expected travel distances for each patient under 2 hypothetical minimum volume
standards based on existing proposals1,3,9,10:
minimum annual operator volume of 175 at a hospital with a minimum annual
volume of 400 (standard 1) and minimum annual operator volume of 75 at a hospital
with a minimum annual volume of 400 (standard 2). To meet a minimum volume
standard, the hospital-operator pair had to meet both the operator dimension
and the hospital dimension of the standard. Hospital-operator pairs were classified
according to the highest standard met. Thus, hospital-operator pairs that
met standard 1 were considered to be class 1 organizations, pairs that met
standard 2 but not standard 1 were considered to be class 2 organizations,
and pairs that did not meet standard 2 were considered to be class 3 organizations.
The primary outcome measure was the effect of the hypothetical minimum
volume standards on patient travel distance. We determined geographic centroids
for patients and hospitals using a ZIP code centroid file (ZIPList5 Geocode,
CD Light LLC, The Woodlands, Tex). Geographic centroids correspond with the
geographic center of each ZIP code area. We assumed that all patients living
in a ZIP code area lived at the geographic centroid and patient ZIP codes
were based on the home address. We calculated straight-line travel distances
using the latitude and longitude of each pair of patient and hospital-operator
centroids with a formula (available upon request from the authors) that estimated
distance within 0.01 miles (0.02 km). We excluded patients who lived more
than 193 miles (309 km) from their hospital-operator (99th percentile) because
of the strong likelihood that these patients were not close to their place
of residence when they sought care. For each minimum volume standard, we calculated
the expected travel distance between the patient ZIP code and the ZIP code
of the nearest hospital-operator meeting the criteria of that standard. Patient
travel burden was defined as the difference between the expected travel distance
(under each minimum volume standard) and the observed travel distance. For
transfer patients, travel distance was measured from the patient’s home
address to the transfer facility. In a sensitivity analysis, patients from
the study population who were transferred to the hospital from other facilities
were removed because observed travel distances for these patients may not
accurately reflect the patients’ choice of hospital-operator pair.
We compared patient characteristics across hospital-operator classes
using χ2 tests for categorical variables and 1-way analysis
of variance for continuous variables. Statistical significance was defined
as P<.05, and all tests were 2-sided. Multivariable
log-linear regression was used to conduct an exploratory analysis on the independent
effect of patient characteristics on observed travel distance and distance
traveled beyond the closest hospital-operator pair. Patient characteristics
incorporated in the model were identified on the basis of prior studies and
clinical expertise and included age, sex, race/ethnicity, urgency of the procedure,
state of residence, myocardial infarction (MI) status, comorbidity, insurance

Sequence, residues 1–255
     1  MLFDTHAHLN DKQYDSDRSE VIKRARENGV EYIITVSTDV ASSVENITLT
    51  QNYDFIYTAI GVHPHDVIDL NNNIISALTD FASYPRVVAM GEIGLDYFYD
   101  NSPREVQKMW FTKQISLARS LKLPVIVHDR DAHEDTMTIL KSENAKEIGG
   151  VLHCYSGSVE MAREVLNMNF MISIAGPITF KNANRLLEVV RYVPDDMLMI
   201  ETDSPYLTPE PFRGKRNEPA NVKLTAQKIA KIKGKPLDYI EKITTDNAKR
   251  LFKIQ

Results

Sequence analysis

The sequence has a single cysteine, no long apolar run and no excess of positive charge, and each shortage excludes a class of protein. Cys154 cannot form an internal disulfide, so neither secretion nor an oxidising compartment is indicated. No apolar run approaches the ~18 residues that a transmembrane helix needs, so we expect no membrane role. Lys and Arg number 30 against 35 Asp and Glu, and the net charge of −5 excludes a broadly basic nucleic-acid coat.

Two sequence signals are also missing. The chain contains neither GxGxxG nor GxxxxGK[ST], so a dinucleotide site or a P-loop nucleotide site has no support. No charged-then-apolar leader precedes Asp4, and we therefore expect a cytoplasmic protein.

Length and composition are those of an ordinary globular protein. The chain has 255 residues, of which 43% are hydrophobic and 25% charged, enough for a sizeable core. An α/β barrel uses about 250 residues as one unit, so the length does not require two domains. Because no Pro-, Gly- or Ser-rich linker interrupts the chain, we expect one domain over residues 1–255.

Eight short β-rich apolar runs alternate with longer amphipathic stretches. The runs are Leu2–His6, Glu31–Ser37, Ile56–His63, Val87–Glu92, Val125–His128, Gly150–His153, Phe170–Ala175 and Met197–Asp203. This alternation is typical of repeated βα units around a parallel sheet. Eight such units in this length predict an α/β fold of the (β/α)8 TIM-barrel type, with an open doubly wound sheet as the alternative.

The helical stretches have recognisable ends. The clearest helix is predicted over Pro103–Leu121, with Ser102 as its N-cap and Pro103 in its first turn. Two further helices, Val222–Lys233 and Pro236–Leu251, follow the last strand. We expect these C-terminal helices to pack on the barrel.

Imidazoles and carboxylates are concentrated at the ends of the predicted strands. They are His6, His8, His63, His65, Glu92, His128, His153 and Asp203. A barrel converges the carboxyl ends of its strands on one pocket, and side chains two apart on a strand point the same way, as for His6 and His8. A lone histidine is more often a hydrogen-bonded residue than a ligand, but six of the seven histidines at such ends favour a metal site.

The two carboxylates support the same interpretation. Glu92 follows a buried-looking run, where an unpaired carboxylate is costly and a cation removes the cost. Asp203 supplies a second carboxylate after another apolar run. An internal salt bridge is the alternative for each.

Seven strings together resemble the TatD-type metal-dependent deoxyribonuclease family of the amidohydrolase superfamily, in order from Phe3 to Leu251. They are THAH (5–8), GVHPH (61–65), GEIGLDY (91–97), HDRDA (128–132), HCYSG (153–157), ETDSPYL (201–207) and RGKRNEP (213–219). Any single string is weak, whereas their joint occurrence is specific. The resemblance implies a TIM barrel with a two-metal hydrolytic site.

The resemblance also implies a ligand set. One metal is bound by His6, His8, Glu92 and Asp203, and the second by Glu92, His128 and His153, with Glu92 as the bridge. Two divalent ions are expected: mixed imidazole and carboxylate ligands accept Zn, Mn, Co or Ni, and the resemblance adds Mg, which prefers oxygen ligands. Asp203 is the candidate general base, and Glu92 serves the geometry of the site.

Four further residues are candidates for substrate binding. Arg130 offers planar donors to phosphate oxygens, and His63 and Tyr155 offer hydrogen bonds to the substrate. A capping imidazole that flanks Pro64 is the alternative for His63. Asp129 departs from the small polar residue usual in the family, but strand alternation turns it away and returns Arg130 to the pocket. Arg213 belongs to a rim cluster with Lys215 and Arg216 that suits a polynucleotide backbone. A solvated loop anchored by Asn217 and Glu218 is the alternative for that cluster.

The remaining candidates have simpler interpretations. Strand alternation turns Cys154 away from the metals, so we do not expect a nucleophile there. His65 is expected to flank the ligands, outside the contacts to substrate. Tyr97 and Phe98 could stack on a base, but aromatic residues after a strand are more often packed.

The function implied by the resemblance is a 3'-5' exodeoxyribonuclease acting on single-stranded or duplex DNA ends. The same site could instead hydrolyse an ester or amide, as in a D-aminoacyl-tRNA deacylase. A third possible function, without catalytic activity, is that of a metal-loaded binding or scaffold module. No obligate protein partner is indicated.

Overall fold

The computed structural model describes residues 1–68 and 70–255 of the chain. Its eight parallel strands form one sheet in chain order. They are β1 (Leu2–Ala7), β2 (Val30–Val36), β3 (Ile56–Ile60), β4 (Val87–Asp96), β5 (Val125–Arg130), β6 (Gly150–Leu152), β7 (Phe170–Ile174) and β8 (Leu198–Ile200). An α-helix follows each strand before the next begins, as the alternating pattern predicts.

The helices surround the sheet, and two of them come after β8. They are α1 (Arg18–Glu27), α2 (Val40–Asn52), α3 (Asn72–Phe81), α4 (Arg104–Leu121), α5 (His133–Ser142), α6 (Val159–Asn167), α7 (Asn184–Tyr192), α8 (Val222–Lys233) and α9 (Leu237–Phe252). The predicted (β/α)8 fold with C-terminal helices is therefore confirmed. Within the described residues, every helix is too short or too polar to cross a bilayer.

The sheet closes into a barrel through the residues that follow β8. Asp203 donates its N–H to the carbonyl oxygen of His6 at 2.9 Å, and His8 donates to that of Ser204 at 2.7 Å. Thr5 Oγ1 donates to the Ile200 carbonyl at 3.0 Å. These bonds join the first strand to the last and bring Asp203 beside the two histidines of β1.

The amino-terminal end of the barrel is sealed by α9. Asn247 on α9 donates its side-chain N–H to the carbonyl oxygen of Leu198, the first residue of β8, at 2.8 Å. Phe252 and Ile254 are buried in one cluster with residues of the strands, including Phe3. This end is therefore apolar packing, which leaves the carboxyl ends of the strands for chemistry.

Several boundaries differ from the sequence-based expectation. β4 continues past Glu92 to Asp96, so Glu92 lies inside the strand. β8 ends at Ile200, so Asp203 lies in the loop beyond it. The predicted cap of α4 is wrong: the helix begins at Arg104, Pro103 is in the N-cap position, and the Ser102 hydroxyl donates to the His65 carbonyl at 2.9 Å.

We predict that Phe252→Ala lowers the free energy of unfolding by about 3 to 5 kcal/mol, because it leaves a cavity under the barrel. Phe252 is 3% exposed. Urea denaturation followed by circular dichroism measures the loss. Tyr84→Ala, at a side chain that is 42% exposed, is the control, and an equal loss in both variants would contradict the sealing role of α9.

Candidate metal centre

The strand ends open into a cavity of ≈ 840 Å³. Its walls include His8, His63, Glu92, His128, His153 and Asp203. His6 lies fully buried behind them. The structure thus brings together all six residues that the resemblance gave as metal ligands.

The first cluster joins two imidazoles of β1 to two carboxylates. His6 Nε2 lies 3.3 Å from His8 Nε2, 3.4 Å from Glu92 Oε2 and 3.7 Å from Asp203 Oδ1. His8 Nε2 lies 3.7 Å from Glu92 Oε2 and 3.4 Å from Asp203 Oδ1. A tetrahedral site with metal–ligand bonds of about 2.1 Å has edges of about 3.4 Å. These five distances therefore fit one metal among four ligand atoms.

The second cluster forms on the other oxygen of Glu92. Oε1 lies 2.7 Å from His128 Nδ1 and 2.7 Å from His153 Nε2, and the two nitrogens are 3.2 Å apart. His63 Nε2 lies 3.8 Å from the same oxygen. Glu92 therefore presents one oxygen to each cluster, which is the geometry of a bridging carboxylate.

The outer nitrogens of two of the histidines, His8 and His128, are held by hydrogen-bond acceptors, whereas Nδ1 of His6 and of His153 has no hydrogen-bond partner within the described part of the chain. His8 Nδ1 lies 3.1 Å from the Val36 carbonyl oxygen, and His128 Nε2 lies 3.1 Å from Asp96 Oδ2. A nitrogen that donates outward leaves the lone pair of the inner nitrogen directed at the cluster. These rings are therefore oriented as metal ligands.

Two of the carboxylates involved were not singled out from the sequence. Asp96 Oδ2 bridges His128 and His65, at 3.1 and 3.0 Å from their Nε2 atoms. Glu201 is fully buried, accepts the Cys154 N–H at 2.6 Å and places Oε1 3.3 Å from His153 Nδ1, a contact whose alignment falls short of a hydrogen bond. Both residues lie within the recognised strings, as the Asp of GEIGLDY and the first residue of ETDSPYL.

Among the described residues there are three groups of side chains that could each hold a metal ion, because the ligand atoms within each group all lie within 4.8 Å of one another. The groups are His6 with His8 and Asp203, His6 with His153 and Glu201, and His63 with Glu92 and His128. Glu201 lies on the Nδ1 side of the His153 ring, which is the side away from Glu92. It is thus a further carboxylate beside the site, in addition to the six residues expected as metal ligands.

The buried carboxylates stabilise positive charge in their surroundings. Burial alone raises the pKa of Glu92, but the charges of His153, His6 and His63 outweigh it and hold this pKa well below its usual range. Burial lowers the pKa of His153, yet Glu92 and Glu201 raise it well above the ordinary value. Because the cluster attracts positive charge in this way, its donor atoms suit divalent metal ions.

type, and admission source.1,2 For
the race/ethnicity variable, the Healthcare Cost and Utilization Project (hospital
discharge abstract) codes were used, which included black, white, Hispanic,
Asian, and other. Race/ethnicity was assessed in this analysis because previous
research has identified race/ethnicity as an important factor in the use of
coronary revascularization procedures. For the comorbidity variable, the D’Hoore
translation of the Charlson comorbidity index was used, which was developed
for use with ischemic heart disease–related ICD-9 codes listed among secondary diagnoses in administrative databases.12,13 The admission source variable indicated
whether the admission was routine (physician referral) from the emergency
department, a transfer from another hospital, or a transfer from another health
care facility. We converted distances of 0 to 0.00001 miles for the regression
To place our study population in the context of previous work demonstrating
the relationship between procedure volume and mortality,1- 7 we
examined the risk-adjusted mortality associated with each hospital-operator
class as a secondary outcome. A multivariable logistic regression model was
constructed using generalized estimating equations to account for the nonindependence
of patients within operators and hospitals. We excluded patients who were
transferred to another hospital because outcome data at the transfer facility
were not recorded in the database. Independent variables included patient
age, sex, race/ethnicity, comorbidity, state of residence, MI status, and
urgency.1,2 We then used the model
to compute predicted mortality for each patient. We summed the predicted mortality
of each patient to determine the expected number of deaths for each hospital-operator
class. We then multiplied the observed-to-expected ratio for each class by
the mortality rate for the overall population to determine the risk-adjusted
mortality for each class.14 Statistical analyses
were performed using SAS version 8.0 (SAS Institute, Cary, NC).
In 2001, 120 hospitals and 1418 operators performed PTCA on the 97 401
patients who were eligible for the study. A total of 23 148 patients
(24%) received care from hospital-operator pairs considered to be class 3;
these hospital-operator pairs failed to meet the hospital minimum volume standard
of 400, the operator minimum procedure volume of 75, or both (Table 1).
Table 2 summarizes patient characteristics
by hospital-operator class. Class 3 had the greatest percentage of patients
admitted through the emergency department and, consistent with this finding,
had the greatest percentage of procedures considered emergent. In addition,
a greater percentage of patients receiving Medicare sought care from class
1 pairs compared with class 2 or class 3.
Median (interquartile range [IQR]) travel distance was 9.5 miles (4.7-18.2
miles [15.2 km; 7.5-29.2 km]). A total of 51 280 patients (53%) traveled
less than 10 miles (<16 km) for the PTCA procedure, 41 157 (42%) traveled